python-tabulate

by gregbanks

gregbanks / python-tabulate

fork of https://bitbucket.org/astanin/python-tabulate

125 Stars 13 Forks Last release: Not found MIT License 143 Commits 0 Releases

Available items

No Items, yet!

The developer of this repository has not created any items for sale yet. Need a bug fixed? Help with integration? A different license? Create a request here:

===============

python-tabulate

Pretty-print tabular data in Python.

The main use cases of the library are:

  • printing small tables without hassle: just one function call, formatting is guided by the data itself

  • authoring tabular data for lightweight plain-text markup: multiple output formats suitable for further editing or transformation

  • readable presentation of mixed textual and numeric data: smart column alignment, configurable number formatting, alignment by a decimal point

Installation

::

pip install tabulate

Build status

.. image:: https://drone.io/bitbucket.org/astanin/python-tabulate/status.png :alt: Build status :target: https://drone.io/bitbucket.org/astanin/python-tabulate/latest

Usage

The module provides just one function,

tabulate
, which takes a list of lists or another tabular data type as the first argument, and outputs a nicely formatted plain-text table::
>>> from tabulate import tabulate

>>> table = [["Sun",696000,1989100000],["Earth",6371,5973.6], ... ["Moon",1737,73.5],["Mars",3390,641.85]] >>> print tabulate(table)


Sun 696000 1.9891e+09 Earth 6371 5973.6 Moon 1737 73.5 Mars 3390 641.85


The following tabular data types are supported:

  • list of lists or another iterable of iterables
  • list or another iterable of dicts (keys as columns)
  • dict of iterables (keys as columns)
  • two-dimensional NumPy array
  • NumPy record arrays (names as columns)
  • pandas.DataFrame

Examples in this file use Python2. Tabulate supports Python3 too.

Headers ~~~~~~~

The second optional argument named

headers
defines a list of column headers to be used::
>>> print tabulate(table, headers=["Planet","R (km)", "mass (x 10^29 kg)"])
Planet      R (km)    mass (x 10^29 kg)
--------  --------  -------------------
Sun         696000           1.9891e+09
Earth         6371        5973.6
Moon          1737          73.5
Mars          3390         641.85

If

headers="firstrow"
, then the first row of data is used::
>>> print tabulate([["Name","Age"],["Alice",24],["Bob",19]],
...                headers="firstrow")
Name      Age
------  -----
Alice      24
Bob        19

If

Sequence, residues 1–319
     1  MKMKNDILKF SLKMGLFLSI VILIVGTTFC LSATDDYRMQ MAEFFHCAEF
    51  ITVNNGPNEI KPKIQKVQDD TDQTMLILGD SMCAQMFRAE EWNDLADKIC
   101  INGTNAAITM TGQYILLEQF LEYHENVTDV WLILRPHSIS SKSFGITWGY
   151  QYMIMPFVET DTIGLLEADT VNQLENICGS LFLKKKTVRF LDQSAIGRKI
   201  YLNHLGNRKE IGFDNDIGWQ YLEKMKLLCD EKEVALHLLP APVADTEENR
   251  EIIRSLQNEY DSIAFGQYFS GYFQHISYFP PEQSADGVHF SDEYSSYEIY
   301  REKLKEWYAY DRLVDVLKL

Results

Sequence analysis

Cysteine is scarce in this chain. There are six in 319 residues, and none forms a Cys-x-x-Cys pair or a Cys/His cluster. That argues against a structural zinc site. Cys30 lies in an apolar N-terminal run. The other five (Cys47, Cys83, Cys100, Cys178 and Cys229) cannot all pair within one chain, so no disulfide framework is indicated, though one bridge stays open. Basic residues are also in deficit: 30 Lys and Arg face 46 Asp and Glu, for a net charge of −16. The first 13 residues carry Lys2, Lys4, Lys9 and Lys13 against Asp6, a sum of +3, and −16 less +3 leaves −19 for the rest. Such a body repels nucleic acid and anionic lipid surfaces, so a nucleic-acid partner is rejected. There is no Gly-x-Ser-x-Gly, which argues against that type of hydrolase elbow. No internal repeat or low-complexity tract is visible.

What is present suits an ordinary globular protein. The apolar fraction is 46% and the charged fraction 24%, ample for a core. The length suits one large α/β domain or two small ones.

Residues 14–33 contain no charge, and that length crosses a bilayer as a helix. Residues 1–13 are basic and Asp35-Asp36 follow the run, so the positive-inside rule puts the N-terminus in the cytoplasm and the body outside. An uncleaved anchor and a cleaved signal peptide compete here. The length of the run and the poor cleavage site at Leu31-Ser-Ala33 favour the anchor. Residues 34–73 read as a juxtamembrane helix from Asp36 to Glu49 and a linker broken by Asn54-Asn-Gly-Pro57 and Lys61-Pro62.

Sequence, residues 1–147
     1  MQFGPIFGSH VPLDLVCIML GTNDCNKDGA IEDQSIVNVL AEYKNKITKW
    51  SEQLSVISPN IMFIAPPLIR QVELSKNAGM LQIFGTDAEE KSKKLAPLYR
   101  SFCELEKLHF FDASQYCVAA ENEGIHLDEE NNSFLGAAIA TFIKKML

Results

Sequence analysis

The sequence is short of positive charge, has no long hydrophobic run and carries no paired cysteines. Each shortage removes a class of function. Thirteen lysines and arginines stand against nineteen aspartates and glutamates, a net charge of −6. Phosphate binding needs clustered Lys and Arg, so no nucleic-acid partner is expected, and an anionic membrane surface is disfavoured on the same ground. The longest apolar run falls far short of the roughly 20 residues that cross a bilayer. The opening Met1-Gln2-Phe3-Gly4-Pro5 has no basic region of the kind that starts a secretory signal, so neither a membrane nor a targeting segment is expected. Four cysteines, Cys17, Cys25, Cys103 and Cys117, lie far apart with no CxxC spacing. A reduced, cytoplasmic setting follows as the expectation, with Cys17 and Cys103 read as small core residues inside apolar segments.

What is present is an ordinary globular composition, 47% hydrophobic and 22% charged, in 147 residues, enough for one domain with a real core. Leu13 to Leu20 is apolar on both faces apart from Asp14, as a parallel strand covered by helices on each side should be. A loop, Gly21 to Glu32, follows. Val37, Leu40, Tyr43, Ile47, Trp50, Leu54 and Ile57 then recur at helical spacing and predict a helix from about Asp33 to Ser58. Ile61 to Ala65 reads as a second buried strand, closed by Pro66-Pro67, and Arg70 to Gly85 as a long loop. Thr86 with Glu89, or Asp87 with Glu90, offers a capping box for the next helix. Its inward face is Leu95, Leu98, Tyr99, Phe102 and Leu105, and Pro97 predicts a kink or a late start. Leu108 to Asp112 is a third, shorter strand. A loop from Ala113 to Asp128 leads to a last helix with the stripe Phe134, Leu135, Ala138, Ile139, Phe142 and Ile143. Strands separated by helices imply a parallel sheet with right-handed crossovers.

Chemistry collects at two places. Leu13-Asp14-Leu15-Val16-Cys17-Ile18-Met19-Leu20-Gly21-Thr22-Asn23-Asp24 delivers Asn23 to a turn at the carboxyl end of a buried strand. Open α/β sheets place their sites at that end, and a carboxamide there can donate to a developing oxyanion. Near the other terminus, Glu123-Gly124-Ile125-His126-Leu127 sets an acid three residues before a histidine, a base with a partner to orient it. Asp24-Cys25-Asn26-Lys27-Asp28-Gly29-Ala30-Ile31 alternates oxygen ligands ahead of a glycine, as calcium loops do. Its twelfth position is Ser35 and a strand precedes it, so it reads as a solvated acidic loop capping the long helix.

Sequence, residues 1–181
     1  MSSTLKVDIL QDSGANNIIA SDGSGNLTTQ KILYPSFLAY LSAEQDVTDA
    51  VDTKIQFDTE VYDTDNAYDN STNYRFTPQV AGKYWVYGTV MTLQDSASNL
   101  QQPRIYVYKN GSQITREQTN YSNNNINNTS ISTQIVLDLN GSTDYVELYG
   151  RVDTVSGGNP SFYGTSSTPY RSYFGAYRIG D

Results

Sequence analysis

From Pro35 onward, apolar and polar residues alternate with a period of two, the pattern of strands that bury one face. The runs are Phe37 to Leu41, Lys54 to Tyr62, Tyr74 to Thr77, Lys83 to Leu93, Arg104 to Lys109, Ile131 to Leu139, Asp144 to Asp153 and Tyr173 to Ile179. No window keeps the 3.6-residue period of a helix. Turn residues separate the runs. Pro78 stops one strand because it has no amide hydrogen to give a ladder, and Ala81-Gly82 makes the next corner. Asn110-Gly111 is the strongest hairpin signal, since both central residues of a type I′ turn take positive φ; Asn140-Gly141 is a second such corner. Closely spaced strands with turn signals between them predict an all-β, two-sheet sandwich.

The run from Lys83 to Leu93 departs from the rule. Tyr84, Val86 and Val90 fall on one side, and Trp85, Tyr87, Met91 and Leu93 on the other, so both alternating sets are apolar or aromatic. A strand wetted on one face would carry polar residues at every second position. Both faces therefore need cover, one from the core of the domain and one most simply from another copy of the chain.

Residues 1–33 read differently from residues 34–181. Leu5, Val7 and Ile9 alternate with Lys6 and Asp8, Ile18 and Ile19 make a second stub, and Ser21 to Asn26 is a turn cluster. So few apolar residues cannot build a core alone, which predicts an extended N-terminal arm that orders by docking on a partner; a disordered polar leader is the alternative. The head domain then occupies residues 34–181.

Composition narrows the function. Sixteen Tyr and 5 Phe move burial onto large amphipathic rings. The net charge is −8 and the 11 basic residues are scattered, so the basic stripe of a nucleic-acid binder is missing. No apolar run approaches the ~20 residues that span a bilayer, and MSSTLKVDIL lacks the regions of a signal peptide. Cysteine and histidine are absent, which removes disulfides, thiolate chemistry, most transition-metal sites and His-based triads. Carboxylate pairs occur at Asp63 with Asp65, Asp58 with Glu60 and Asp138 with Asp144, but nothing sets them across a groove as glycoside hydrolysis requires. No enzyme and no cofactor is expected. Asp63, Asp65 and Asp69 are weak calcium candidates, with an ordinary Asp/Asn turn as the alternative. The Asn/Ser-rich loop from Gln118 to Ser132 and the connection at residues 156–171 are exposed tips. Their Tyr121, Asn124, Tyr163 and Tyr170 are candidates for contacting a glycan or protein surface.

headers="keys"
, then the keys of a dictionary/dataframe, or column indices are used. It also works for NumPy record arrays and lists of dictionaries or named tuples::
>>> print tabulate({"Name": ["Alice", "Bob"],
...                 "Age": [24, 19]}, headers="keys")
  Age  Name
-----  ------
   24  Alice
   19  Bob

Table format ~~~~~~~~~~~~

There is more than one way to format a table in plain text. The third optional argument named

tablefmt
defines how the table is formatted.

Supported table formats are:

  • "plain"
  • "simple"
  • "grid"
  • "pipe"
  • "orgtbl"
  • "rst"
  • "mediawiki"
  • "latex"

plain
tables do not use any pseudo-graphics to draw lines::
>>> table = [["spam",42],["eggs",451],["bacon",0]]
>>> headers = ["item", "qty"]
>>> print tabulate(table, headers, tablefmt="plain")
item      qty
spam       42
eggs      451
bacon       0

simple
is the default format (the default may change in future versions). It corresponds to
simple_tables
in
Pandoc Markdown
extensions
_::
>>> print tabulate(table, headers, tablefmt="simple")
item      qty
------  -----
spam       42
eggs      451
bacon       0

grid
is like tables formatted by Emacs'
table.el
_ package. It corresponds to
grid_tables
in Pandoc Markdown extensions::
>>> print tabulate(table, headers, tablefmt="grid")
+--------+-------+
| item   |   qty |
+========+=======+
| spam   |    42 |
+--------+-------+
| eggs   |   451 |
+--------+-------+
| bacon  |     0 |
+--------+-------+

pipe
follows the conventions of
PHP Markdown Extra
_ extension. It corresponds to
pipe_tables
in Pandoc. This format uses colons to indicate column alignment::
>>> print tabulate(table, headers, tablefmt="pipe")
| item   |   qty |
|:-------|------:|
| spam   |    42 |
| eggs   |   451 |
| bacon  |     0 |

orgtbl
follows the conventions of Emacs
org-mode
_, and is editable also in the minor
orgtbl-mode
. Hence its name::
>>> print tabulate(table, headers, tablefmt="orgtbl")
| item   |   qty |
|--------+-------|
| spam   |    42 |
| eggs   |   451 |
| bacon  |     0 |

rst
formats data like a simple table of the
reStructuredText
_ format::
>>> print tabulate(table, headers, tablefmt="rst")
======  =====
item      qty
======  =====
spam       42
eggs      451
bacon       0
======  =====

mediawiki
format produces a table markup used in
Wikipedia
_ and on other MediaWiki-based sites::
>>> print tabulate(table, headers, tablefmt="mediawiki")